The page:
At a daily mass in his residence, where the Pope prepares no comments, he told a group of Catholics that it’s possible for atheists to be good people as well. When asked if they can be redeemed, Pope Francis said, “Even them, everyone. We all have a duty to do good. […] Just do good and we’ll find a meeting point.”
I find these (and other) secular remarks refreshing, especially coming from the leader of the most organized branch of Christianity. His predecessor would never have uttered something so downright liberal. In fact, he’s done and said a lot of things Pope Benedict never would have.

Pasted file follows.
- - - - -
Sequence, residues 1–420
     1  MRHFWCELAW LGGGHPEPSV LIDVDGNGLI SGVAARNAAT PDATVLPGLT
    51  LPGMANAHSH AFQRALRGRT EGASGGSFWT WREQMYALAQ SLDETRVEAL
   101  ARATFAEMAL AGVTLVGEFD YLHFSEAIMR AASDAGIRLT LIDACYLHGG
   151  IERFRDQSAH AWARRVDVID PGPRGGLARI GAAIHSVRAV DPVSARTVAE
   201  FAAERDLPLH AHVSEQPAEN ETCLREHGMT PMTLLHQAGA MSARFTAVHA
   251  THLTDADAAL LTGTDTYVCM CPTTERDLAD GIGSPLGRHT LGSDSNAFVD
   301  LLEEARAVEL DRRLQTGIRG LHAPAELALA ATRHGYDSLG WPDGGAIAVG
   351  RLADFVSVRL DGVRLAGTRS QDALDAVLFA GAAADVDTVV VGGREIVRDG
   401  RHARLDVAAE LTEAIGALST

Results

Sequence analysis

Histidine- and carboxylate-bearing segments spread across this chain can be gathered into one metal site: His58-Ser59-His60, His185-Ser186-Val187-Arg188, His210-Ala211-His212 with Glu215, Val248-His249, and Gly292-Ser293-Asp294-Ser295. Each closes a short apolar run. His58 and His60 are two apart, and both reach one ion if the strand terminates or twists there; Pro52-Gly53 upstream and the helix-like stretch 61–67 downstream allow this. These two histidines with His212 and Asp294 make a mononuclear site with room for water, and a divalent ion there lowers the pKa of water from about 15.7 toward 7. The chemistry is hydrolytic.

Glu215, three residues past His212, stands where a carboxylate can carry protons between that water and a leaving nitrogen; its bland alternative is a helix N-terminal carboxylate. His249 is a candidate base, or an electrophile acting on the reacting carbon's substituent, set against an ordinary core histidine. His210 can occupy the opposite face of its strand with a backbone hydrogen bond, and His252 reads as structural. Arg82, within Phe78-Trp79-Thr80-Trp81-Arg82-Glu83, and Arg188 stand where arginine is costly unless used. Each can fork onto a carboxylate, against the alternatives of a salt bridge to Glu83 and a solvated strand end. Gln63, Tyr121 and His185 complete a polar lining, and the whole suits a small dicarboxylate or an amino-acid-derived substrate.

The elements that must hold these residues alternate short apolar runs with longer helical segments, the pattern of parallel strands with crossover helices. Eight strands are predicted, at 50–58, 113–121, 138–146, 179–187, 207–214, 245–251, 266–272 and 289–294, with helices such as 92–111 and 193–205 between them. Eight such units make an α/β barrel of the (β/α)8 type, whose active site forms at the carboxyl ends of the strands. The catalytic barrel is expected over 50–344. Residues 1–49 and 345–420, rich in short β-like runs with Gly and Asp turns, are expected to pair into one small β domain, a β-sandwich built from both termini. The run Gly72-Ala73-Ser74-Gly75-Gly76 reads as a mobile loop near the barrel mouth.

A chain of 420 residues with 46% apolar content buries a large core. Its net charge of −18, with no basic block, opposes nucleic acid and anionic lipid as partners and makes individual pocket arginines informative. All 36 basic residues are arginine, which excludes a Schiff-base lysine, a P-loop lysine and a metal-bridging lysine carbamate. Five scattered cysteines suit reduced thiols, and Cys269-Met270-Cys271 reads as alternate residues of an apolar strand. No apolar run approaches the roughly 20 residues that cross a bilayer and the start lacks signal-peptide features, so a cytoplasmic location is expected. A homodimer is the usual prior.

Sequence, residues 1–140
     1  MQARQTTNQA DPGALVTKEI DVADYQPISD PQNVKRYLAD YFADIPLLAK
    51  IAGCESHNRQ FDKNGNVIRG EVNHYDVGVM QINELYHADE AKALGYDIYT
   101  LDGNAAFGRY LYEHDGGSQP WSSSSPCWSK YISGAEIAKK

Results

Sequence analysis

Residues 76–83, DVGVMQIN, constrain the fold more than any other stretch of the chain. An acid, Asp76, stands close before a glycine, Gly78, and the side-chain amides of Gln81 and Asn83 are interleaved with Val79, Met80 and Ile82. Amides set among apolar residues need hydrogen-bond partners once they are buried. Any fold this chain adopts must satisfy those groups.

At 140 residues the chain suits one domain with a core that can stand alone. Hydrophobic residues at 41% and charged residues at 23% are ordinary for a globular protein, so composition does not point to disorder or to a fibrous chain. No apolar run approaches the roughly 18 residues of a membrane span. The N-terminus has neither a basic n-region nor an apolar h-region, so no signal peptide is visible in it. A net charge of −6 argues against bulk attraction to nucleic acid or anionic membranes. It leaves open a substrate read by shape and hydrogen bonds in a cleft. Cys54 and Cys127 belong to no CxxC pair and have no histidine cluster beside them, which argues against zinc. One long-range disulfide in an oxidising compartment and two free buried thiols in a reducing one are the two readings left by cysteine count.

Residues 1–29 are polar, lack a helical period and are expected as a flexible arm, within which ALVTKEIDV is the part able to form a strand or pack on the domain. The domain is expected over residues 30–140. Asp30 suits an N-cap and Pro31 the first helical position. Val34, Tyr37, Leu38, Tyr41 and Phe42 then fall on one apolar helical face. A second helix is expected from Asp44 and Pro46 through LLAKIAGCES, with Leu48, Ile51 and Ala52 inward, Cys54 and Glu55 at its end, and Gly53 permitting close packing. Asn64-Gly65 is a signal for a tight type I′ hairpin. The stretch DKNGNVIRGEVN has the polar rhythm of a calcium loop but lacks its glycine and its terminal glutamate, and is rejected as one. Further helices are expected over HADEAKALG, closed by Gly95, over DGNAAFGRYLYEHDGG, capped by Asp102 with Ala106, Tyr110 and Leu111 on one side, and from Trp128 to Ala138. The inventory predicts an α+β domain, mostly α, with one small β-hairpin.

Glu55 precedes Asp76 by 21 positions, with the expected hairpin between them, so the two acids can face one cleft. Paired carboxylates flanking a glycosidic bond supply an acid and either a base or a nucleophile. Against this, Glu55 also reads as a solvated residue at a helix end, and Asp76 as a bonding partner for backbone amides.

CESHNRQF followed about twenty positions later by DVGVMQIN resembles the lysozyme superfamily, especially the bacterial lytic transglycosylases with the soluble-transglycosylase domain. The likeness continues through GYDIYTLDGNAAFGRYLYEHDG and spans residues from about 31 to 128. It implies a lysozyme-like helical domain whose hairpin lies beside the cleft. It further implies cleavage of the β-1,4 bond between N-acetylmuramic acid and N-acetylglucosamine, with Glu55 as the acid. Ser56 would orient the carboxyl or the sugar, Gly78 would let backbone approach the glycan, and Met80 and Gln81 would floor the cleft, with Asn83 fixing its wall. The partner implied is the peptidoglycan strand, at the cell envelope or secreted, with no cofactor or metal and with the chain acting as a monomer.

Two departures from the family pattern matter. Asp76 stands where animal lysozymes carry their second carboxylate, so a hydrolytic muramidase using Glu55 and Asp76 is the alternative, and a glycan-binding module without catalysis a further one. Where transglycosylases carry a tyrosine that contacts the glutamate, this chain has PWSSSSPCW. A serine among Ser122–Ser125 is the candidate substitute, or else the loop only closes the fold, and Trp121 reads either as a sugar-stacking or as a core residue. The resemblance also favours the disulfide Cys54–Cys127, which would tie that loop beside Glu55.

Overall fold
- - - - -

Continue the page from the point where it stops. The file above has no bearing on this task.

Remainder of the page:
As much as I applaud this Pope for being a decent human being, I can’t help but point out how this type of attitude conflicts with Christian dogma. I don’t think much of the Bible, but I will reference it to point out hypocrisy. According to the Book of Revelations, unbelief is a sin and worthy of admittance to Hell.
What’s interesting is that he’s changed the standard of God’s favor from “being Christian” to “doing good.” That’s pretty interesting, and I wonder how far he’ll take it. If I can achieve God’s grace by “being good” and without accepting Jesus Christ, then what did Jesus die for?
It seems to me like Pope Francis is looking to steer Catholics away from the doom-and-gloom our-way-or-Hell approach the previous popes took. That’s fantastic, and, ironically, more in line with Christ’s true message about one’s personal relationship with God.
But if Catholic creed can so easily be amended, what value did it ever have?